Ailish O’Hora: James Reilly sounding more like Fr Dougal with promises of free health care
FOR a man who is in what must be a very stressful job, Minister James Reilly is generally a cheerful and positive chap. But where does the positivity end and the seemingly impossible start?
The Minister seems to have gotten the two situations confused this morning on RTE’s Today with Sean O’Rourke.
He insisted that free GP care for all Irish citizens will still come into effect although he admitted he was being slightly ‘ambitious.’
And he also said the Government is more immediately planning to introduce free health care for younger children at a cost of €40m but with no detail of how the plan would work.
Lack of detail aside, cost is key in all of this ambitious talk – we simply can’t afford it.
The Department of Health costs over €12bn a year to run (spending) and is in the top three costly alongside education and social welfare.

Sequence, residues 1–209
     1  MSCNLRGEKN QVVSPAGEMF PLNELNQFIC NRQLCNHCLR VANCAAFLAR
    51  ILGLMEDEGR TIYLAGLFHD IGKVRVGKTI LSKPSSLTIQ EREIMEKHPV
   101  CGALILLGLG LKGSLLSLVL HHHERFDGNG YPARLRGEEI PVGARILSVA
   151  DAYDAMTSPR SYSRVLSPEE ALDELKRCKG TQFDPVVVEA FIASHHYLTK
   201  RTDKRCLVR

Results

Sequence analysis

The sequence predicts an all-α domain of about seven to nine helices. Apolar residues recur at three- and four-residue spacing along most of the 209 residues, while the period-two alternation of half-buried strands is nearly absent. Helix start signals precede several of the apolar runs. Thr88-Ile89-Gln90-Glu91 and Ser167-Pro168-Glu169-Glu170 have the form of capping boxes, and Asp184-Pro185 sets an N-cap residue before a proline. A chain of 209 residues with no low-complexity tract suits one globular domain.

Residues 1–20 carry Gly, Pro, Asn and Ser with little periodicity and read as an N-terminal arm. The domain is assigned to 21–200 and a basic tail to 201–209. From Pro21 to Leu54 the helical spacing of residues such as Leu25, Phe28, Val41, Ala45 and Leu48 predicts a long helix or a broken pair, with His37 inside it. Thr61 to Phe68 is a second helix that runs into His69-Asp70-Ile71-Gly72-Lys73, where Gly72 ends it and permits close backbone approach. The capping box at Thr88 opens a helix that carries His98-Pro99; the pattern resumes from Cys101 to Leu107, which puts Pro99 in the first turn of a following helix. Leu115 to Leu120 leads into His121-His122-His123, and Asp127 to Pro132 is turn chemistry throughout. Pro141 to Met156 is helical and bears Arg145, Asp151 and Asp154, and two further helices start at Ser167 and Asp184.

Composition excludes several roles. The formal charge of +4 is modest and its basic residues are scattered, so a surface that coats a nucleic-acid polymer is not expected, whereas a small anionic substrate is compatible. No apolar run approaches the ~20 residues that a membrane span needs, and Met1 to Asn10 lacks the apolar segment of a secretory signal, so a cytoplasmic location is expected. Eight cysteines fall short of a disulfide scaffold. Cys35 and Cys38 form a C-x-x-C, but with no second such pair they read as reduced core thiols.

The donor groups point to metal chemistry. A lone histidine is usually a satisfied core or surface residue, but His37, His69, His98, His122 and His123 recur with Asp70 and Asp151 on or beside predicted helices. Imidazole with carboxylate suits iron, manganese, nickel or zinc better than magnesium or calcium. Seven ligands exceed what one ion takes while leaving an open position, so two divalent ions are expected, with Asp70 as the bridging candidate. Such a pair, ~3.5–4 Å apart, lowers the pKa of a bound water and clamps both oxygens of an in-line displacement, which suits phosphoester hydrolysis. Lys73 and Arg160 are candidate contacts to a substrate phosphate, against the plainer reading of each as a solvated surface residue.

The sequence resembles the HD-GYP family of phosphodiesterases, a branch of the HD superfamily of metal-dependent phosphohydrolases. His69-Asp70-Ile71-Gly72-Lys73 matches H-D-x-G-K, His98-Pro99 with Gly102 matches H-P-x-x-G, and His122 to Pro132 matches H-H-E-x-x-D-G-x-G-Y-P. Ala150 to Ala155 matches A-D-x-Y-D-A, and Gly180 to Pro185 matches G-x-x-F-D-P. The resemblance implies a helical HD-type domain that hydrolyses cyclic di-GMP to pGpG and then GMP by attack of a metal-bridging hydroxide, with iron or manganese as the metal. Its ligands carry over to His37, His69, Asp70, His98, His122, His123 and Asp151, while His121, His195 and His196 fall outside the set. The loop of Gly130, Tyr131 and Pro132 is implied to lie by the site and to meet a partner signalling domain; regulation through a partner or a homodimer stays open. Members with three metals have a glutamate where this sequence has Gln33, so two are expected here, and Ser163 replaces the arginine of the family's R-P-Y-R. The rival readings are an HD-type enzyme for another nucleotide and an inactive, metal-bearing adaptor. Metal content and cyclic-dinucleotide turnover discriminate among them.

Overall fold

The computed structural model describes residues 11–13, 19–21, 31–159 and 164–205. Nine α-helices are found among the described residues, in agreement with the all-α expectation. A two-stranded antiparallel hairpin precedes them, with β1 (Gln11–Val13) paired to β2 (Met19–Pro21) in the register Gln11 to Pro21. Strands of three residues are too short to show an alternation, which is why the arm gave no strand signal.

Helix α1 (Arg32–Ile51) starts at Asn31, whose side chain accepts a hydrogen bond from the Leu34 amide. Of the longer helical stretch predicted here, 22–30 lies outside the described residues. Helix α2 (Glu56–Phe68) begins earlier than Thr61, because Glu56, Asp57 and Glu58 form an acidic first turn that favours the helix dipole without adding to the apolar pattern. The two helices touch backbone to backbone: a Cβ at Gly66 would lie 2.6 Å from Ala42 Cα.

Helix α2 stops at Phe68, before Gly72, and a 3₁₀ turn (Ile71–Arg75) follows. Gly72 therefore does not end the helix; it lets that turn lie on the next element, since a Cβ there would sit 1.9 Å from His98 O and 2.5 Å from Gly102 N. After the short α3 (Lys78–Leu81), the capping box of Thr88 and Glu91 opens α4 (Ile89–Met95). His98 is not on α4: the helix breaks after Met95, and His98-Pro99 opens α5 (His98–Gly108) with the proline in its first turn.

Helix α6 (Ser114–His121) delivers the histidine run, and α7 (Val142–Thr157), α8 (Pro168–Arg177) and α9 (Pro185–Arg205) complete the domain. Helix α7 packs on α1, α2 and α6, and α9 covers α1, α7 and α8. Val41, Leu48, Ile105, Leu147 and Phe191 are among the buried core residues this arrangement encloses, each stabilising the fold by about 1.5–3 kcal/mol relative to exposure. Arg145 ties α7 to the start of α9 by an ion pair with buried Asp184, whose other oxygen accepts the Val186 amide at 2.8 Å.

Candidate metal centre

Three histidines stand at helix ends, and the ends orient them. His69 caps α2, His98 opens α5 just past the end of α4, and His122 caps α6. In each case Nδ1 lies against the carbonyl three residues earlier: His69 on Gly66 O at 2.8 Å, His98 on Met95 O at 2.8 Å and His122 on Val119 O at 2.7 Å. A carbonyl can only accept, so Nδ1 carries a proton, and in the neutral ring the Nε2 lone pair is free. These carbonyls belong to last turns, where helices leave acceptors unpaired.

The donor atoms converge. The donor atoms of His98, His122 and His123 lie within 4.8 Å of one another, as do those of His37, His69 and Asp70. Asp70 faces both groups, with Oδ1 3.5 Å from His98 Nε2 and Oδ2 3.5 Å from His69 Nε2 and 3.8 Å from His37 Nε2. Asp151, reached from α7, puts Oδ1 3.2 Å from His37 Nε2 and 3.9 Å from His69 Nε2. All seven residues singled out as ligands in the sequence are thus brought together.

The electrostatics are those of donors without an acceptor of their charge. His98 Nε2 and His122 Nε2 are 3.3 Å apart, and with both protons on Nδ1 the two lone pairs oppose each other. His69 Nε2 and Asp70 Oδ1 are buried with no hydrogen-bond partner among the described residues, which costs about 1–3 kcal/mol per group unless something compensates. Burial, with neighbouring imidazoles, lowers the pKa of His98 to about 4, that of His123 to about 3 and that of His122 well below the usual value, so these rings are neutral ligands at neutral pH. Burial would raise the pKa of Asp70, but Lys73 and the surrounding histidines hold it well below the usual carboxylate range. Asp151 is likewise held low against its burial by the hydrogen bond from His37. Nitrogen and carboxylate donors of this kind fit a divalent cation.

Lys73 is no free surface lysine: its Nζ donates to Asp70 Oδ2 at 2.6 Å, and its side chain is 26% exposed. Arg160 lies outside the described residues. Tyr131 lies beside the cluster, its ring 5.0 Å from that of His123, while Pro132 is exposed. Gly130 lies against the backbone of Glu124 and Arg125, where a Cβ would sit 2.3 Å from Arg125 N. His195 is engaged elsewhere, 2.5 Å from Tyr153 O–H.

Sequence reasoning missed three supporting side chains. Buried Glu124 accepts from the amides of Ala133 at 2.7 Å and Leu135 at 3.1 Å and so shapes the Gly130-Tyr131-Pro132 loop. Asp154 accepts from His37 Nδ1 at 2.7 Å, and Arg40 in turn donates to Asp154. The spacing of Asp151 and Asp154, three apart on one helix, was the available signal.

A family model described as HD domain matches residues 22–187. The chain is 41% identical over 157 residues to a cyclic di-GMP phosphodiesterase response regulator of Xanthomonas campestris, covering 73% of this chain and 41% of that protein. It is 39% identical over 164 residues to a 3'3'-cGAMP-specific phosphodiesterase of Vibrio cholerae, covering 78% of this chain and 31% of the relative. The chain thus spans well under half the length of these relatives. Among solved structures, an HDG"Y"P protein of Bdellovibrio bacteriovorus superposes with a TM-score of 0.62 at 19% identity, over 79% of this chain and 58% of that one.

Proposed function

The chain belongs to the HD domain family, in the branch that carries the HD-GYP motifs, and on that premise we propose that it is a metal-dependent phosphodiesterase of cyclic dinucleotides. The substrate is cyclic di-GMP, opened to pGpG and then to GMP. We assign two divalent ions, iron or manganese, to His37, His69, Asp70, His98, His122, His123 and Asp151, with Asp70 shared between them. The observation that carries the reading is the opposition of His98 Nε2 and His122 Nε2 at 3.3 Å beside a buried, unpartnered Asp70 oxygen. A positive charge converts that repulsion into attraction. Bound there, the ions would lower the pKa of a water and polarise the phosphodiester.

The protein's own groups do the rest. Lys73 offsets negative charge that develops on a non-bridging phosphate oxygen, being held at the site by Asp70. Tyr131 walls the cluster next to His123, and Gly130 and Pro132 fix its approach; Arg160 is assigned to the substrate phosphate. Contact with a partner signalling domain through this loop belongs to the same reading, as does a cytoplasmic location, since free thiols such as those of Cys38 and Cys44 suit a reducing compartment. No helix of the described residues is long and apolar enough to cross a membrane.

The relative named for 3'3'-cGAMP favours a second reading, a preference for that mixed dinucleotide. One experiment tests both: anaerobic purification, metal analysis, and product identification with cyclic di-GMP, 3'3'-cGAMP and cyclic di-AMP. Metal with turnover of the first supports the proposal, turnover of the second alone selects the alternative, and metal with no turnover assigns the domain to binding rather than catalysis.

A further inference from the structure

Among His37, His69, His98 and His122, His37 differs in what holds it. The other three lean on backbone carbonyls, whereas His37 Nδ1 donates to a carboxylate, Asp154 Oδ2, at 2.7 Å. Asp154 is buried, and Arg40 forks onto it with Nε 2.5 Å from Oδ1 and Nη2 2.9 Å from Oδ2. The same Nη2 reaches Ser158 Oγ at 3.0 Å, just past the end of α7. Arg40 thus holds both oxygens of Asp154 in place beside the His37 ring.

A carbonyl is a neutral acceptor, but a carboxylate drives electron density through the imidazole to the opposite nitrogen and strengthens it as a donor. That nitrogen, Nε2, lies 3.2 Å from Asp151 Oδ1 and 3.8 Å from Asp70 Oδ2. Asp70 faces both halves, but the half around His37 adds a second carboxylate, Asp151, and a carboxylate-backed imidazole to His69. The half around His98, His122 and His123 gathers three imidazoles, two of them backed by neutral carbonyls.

And with cash-strapped consumers with private healthcare insurance cancelling it in their droves the question of how could we ever afford such a luxury is raised.
Recent figures show about 64,000 people gave up their private health insurance cover in 2012 and the trend is continuing.
While Mr Reilly’s aspirations are well and good, if history is any kind of teacher they will remain just that – aspirational.
If, and it’s looking increasingly likely, a supplementary budget is necessary in the Department of Health – it will be third one in a row.
And if that’s not enough, our paymasters the Troika is all over it like a rash, if you’ll excuse the expression.
It’s been singled out by the EU/IMF/ECB on more than one occasion.
And even if figures released today showed the economy crawled out of recession in the second quarter of the year with low levels of growth, stripping out banking debt, it’s still creaking under the costly weight departments like health and social welfare.
I’m no party pooper by nature but that scene where Father Ted tries to explain the difference between dreams and reality to Father Dougal springs to mind.
Sometimes facing up to reality is the best medicine.